Abstract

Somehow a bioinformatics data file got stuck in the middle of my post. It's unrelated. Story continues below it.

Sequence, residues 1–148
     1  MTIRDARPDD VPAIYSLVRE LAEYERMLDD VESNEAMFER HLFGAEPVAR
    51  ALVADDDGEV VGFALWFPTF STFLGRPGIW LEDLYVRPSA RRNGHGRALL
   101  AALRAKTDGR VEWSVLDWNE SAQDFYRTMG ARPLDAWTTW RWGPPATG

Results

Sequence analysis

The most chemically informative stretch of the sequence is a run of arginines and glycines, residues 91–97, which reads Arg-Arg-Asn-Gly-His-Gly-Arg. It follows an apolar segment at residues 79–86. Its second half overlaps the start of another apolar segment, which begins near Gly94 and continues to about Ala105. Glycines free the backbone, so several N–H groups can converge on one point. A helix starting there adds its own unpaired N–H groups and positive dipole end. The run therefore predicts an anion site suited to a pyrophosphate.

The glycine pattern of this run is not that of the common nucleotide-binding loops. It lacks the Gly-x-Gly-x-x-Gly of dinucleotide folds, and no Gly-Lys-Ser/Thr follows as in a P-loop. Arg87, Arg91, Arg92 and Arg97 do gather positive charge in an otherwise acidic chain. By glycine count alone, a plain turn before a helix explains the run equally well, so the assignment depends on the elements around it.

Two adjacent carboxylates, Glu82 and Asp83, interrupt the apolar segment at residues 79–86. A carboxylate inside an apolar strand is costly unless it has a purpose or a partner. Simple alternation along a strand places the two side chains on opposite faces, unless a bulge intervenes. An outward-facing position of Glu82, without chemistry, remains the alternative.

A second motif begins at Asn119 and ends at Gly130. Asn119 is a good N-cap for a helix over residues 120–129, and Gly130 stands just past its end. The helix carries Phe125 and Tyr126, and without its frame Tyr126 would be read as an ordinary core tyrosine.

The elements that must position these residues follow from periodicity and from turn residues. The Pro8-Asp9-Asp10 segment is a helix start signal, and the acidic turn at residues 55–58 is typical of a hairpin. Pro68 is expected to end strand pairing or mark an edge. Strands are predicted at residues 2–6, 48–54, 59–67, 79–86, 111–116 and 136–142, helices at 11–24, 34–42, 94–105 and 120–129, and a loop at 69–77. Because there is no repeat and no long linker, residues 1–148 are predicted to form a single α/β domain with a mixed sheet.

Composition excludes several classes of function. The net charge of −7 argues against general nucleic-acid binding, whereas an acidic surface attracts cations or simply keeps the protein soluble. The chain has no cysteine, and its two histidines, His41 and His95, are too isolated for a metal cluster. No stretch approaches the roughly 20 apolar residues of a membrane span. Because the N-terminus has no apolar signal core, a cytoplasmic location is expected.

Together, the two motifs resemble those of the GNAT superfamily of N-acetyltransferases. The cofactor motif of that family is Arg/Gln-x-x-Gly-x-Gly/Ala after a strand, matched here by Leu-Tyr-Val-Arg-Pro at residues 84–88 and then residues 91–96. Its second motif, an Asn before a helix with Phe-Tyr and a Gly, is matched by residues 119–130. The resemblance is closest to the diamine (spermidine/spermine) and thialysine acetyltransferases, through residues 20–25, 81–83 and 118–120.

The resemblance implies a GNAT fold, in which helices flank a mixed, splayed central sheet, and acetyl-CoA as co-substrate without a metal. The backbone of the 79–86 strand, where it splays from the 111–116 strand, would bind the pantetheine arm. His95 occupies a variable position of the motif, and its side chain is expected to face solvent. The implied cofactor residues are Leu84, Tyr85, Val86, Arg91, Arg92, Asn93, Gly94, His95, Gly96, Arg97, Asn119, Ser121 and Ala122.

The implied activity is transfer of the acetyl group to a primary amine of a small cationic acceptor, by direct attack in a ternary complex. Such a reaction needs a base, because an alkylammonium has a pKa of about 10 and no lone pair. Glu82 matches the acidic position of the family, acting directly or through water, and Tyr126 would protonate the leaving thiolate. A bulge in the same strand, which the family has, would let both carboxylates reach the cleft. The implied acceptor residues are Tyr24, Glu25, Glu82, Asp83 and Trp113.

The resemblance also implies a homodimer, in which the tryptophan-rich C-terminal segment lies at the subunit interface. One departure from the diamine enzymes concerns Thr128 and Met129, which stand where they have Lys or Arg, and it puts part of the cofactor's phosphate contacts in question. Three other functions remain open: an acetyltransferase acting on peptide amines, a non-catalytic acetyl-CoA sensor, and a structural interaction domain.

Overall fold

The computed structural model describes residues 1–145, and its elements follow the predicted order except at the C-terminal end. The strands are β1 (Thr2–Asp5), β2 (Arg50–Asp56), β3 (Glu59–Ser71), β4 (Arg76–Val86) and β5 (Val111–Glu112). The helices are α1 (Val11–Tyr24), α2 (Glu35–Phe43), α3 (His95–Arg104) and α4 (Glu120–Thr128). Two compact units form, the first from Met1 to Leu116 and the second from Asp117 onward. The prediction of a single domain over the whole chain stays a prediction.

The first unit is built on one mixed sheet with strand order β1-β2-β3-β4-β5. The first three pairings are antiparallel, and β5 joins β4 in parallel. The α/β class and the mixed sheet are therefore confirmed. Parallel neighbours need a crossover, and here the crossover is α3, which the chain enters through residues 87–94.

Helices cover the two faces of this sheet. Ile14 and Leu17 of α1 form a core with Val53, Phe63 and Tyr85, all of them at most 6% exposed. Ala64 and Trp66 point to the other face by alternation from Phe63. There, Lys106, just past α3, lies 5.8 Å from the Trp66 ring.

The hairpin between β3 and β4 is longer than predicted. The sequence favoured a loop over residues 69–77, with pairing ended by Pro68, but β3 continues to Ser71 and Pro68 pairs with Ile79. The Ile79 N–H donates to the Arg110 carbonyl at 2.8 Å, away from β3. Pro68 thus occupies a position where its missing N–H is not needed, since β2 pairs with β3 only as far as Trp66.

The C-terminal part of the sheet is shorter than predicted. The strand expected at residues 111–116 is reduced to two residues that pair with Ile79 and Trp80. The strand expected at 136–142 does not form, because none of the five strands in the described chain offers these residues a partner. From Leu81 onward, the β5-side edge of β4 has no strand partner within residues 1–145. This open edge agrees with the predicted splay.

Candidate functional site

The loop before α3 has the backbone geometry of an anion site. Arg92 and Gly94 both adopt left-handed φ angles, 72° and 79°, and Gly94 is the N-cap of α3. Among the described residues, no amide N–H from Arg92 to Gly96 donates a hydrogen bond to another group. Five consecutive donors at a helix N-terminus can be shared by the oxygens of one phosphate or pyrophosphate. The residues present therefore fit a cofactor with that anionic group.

Establishing appropriate lines of evidence enables us to resolve the challenges faced in engineering geological practice. When considering the lines of evidence used to derive a conceptual site model (CSM), three interlocking themes are (1) multi-disciplinary working, (2) knowledge and experience and (3) lessons from the past. This is explored through case histories. There may be no standard approach and conventional engineering geological skills are not always sufficient – as during the decommissioning of cryogenic gas storage tanks at Canvey Island. Alternatively, there may be reservations about using a standard approach; which led to the unconventional use of chalk fill at Port Solent Marina. In the case of a major oil leak into the Permo-Triassic aquifer, understanding the basic science of the problem explained why the original CSM was too simplistic and informed a change of remedial strategy. Obtaining permits for an underground gas storage facility on a landslide complex on the Isle of Portland required numerous lines of evidence to assess the stability of the slope. Furthermore, new lines of evidence can be added to old datasets as technology develops, such as the use of LiDAR in mapping Cotswolds landslides.

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